This is still a question I have not really figured yet. With the competition Act a section of the Kenyan law terming a company that controls at least half of the trade of services or goods dominant, the filed case by Airtel could maybe hold some water.
If the company practices unfair pricing or restriction of market access as well, this is considered a crime that could land someone a five year imprisonment as well as a ksh10 million fine.
Kenya has 31.3 million mobile subscribers at least according to records by end of last year, Safaricom accounted for 68 per cent, Airtel 17 per cent, YU mobile 9 per cent and Telkom Kenya 7 per cent as based in Nairobi, numbers here speak for themselves.
With the upcoming launch of Equity and Airtel’s Mobile Virtual Network Operator, Airtel will pretty much be at the core of mobile money business which is highly dominated by M-Pesa and the raise of this red flag could be the only thing left to do for the telecommunications company.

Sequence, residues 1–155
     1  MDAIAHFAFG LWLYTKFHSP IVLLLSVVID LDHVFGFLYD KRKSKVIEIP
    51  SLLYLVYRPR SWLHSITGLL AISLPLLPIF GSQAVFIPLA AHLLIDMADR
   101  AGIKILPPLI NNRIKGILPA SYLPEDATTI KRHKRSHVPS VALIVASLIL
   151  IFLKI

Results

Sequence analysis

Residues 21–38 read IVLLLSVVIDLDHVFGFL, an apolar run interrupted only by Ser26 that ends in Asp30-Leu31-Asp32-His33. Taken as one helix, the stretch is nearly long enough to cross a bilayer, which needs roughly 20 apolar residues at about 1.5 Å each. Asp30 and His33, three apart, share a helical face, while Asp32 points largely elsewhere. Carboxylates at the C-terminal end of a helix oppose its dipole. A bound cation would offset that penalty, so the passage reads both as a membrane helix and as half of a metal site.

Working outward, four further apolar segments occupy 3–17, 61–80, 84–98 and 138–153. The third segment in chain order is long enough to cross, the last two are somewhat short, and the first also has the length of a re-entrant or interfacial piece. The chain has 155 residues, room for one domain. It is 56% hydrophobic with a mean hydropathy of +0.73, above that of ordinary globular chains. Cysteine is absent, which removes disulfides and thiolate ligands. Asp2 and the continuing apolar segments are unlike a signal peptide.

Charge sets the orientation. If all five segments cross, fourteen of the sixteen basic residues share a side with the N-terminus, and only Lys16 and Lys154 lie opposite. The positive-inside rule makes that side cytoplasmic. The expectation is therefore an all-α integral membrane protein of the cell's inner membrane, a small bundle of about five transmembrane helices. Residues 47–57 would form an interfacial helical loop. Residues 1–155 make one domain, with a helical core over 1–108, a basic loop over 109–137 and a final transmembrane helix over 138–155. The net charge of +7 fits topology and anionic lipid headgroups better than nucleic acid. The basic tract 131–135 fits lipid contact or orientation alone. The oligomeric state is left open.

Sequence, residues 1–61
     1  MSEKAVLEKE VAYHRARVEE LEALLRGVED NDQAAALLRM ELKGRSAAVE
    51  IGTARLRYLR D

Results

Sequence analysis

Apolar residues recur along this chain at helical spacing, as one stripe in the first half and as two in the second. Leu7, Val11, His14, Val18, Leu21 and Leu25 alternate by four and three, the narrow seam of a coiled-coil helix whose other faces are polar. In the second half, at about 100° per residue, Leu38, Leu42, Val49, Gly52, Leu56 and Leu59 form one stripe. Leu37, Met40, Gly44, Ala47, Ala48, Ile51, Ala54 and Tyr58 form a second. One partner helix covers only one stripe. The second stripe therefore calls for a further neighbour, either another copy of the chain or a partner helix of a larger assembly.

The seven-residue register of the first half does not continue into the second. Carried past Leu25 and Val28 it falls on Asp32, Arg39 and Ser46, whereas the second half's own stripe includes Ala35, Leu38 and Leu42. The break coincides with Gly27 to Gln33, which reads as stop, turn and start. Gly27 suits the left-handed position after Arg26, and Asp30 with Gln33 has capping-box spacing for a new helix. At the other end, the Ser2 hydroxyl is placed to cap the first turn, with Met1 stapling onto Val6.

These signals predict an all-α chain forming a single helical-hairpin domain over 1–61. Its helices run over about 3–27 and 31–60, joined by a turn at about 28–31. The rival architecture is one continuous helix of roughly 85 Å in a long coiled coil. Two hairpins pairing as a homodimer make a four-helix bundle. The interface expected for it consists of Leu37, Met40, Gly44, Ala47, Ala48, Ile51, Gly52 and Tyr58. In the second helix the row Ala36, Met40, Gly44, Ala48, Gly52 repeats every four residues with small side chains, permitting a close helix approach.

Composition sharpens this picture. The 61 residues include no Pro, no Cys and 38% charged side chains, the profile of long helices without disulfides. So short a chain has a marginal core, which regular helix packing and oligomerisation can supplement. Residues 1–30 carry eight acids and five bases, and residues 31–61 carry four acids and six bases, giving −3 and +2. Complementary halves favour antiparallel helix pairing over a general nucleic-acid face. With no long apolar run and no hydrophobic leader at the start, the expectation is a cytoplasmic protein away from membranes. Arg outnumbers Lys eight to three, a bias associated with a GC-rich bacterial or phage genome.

Earlier this year, Airtel filed a case against Safaricom due to the refusal of the latter to collaborate with fellow competitors on mobile money agencies across the country since it is currently hard for an airtel subscriber to make a transaction across the network.
Safaricom on the other hand reckoned its investment and nurturing by hard work of its mobile money product and there was no way they would let in other parties in their success. The company’s refusal comes across as logic considering the heavy investment over the last seven years.
Other telecommunication companies should also roll up their sleeves, get back to the drawing board and come up with wooing offers for subscribers. Kenyans also need some change and a variety of reasonable offers to choose from not through case files though. Not to have other companies stoop in the name of competition law.